Sunday, May 9, 2010

Are internet wargamers the worst kind of people?

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Recently I was struck by a post on The Miniatures Page which commemorated the fall of Diem Bien Phu in 1954, a battle the was a critical in the removal of French colonialism in Indo China. What hit me about the thread was the way in which people were pining over the fallen soldiers from the Foreign Legion, but completely disregarding the sacrifices made by the Viet Minh, which in many ways seem to be far more noble, fighting for the liberation of ones country rather than fighting for a colonial interest that doesn't even serve your nation of birth.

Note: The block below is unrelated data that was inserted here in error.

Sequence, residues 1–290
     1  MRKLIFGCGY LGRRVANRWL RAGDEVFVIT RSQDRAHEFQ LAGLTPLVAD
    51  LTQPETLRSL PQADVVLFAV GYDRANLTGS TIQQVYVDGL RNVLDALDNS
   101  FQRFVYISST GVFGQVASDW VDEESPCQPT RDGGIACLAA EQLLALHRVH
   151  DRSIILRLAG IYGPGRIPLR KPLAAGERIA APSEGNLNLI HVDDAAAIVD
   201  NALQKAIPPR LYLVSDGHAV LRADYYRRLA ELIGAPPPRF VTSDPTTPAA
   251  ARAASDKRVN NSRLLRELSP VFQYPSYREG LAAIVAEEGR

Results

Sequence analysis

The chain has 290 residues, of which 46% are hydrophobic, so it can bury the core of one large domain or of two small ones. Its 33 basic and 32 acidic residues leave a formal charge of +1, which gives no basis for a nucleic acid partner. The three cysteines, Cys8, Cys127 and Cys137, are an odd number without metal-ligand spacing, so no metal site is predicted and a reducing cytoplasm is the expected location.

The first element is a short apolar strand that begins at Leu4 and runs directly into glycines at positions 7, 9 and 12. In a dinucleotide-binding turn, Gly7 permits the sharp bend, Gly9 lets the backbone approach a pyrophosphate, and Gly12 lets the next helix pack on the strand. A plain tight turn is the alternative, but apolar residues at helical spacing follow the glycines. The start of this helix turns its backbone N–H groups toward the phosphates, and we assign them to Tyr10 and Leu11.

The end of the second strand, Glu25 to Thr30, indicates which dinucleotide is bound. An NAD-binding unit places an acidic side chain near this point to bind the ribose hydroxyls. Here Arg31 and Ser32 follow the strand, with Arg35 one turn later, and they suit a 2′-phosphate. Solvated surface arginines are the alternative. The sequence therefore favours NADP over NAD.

When I mentioned that perhaps we should be thinking about this from both sides I was immediately attacked from multiple directions by people accusing me of being a Communist sympathiser who was politicizing an a political thread.

How could something already be any more political when you are celebrating the sacrifice made by one group in a battle while completely ignoring the other side?

At one point I was asked if I had a "problem with colonialism in general?" I wonder what king of morale vacum somone must live in where they can even consider that something worth asking?

It got me wondering about the internet war gamer mentality in general. In my time spent on war games forums I have noticed a trend in the proportionality of racists, historical revisionists and a general lack of critical thinking on issues. What’s worse is often these types of individuals are accommodated by the moderators of many of these websites as long as they don't be too outspoken, but you see it bleed through in their posting style, model projects, and the types of perspectives they harbour.